Frequency Fluctuating on MEP802

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mavucci

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I have tried searching on here and on google. My electrician just installed a transfer switch on my home so now i am ready for a power outage with my MEP802. I have an electric oven to exercise the machine. When i hooked the machine up to my house to run everything it ran great and was able to power my whole home no sweat. I did notice that after about 10 min of running the house on generator power that the frequency meter was bouncing all over the place and was not steady at 60hz. the machine didn't sound like it was surging or bogging down and was just humming along. I did not notice any lights flicker or any issues with electronics in the house. When i noticed the frequency bouncing around I disconnected the generator from the house and let the generator run and the needle was still all over the place at times. It was getting dark to try to troubleshoot any problems. Has this happened to anyone? My next step when i have time will be to run the generator with the oven and see if i can recreate the issue of the frequency bouncing and check the lugs with a multimeter. Does anyone have any suggestions? the only thing i could find in the TM's was to make sure the connection on the back of the hz. meter which i believe is M2 gauge. and they were clean and solid.

Thanks,
Mike S.
 

m32825

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You need another data point. Plug a "Kill A Watt" meter into the convenience outlet and see what frequency it reads. That's what I use to dial mine in...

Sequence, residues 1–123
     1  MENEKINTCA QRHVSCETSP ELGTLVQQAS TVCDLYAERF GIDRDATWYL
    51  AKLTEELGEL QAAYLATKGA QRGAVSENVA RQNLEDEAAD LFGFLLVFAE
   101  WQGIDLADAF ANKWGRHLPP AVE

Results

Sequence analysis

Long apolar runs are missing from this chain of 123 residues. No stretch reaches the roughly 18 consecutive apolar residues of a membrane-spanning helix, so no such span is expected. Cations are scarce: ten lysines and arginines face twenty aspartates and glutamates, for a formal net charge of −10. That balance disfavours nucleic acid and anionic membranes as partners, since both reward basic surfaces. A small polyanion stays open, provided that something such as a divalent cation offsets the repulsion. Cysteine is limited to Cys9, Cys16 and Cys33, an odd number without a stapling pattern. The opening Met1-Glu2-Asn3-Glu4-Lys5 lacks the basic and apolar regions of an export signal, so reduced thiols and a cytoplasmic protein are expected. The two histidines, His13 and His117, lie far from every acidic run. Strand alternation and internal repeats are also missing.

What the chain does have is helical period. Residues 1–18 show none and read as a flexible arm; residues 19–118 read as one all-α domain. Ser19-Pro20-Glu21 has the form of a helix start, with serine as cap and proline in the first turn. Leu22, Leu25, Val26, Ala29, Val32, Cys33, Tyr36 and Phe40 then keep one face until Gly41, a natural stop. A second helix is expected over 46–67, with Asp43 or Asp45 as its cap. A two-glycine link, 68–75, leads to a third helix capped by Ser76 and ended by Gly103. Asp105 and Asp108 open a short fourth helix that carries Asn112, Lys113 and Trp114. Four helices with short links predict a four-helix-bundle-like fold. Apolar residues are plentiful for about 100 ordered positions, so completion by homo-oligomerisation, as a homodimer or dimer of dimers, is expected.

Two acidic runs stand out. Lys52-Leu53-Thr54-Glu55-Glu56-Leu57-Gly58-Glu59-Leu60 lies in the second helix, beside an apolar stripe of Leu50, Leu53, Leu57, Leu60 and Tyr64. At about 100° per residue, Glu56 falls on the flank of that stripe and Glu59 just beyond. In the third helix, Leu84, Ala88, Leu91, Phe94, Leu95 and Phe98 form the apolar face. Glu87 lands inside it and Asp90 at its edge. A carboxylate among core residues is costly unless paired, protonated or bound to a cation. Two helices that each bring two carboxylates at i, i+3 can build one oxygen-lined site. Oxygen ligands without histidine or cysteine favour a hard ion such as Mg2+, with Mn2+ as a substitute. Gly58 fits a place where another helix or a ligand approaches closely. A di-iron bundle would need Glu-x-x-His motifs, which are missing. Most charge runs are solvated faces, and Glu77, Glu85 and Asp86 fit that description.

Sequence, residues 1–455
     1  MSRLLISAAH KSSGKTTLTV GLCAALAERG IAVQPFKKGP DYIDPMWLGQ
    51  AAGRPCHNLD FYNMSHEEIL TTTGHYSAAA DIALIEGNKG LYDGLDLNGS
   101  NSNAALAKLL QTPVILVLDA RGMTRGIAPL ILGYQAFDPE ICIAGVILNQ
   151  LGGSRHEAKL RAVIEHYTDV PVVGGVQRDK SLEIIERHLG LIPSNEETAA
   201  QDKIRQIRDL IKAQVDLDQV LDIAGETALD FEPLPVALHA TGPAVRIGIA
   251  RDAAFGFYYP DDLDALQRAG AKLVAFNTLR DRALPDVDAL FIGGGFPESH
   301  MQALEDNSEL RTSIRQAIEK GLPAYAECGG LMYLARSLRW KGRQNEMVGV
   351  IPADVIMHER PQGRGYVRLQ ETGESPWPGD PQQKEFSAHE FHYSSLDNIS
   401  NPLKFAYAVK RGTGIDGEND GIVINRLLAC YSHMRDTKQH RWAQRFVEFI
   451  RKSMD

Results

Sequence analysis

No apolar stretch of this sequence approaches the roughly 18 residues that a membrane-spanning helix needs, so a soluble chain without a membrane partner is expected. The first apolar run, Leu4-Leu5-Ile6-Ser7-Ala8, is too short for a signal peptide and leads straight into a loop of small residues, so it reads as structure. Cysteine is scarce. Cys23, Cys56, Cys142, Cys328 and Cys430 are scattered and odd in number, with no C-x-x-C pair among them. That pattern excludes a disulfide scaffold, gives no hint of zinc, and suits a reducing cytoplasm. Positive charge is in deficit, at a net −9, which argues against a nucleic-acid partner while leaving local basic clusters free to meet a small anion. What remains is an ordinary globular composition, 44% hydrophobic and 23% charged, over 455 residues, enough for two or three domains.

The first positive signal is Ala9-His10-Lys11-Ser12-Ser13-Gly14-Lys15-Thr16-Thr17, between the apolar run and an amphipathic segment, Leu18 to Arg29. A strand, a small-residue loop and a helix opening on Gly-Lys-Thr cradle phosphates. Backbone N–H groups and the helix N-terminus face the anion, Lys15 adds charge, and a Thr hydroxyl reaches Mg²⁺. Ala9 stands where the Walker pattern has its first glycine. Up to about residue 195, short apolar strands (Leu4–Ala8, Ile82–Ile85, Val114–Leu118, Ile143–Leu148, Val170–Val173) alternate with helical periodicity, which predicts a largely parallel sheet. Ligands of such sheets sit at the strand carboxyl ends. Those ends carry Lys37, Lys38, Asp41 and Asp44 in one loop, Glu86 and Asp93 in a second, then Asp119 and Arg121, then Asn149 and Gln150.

jamawieb

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Agree with m32825, get a kill a watt meter and plug it into an outlet in the house. It will be a problem with the gauge or transducer. The 802a has an updated transducer and I've never seen one fail, it's always the gauge. The older 002a models always had problems with the transducer.
 

Daybreak

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Howdy,

Always double check against the gauges.

The MEP-8xx gauges are ok, but also back up the information with a good multimeter to see where you stand.
 

Guyfang

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The problem is indeed, a meter or transducer. Get a good multi meter. The kill a watt meter is a good idea, but a multi meter is more handy in the sence that you can mesure many more different things. According to everyone here in the forum, the kill a watt meter is cheap, so you could just plug it in, and forget the gen set meter.

In any case, verify the hertz reading.
 

Light in the Dark

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Yup, start with a kill-a-watt (drive by any home depots in your travel? normally in stock), and long term also get a good meter. Good luck with the diagnosis.
 

Bmxenbrett

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Dont run your house on a generator you know isnt running properly! That can be really costly.

A multi meter usualy has a hz meter. When was the last time you changed the fuel filters?
 

Guyfang

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This is not an engine problem. If it was, you would hear it. Could be as simple as a broken wire, bad meter or a freq transducer. But not engine.
 

goat4hooves

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I second the advice above. The genny I bought had a faulty frequency meter. I use a digital meter to set the frequency.
 

technoid

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If one has a bad freq transducer where can you buy a replacement? My Mep803a also has a bouncing meter. But the Fluke reads fairly steady with some digital fluctuation.
 

DieselAddict

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In my opinion its best to go to a newer gauge that doesn't require the transducer. They are super cheap and plenty accurate for our needs.
 
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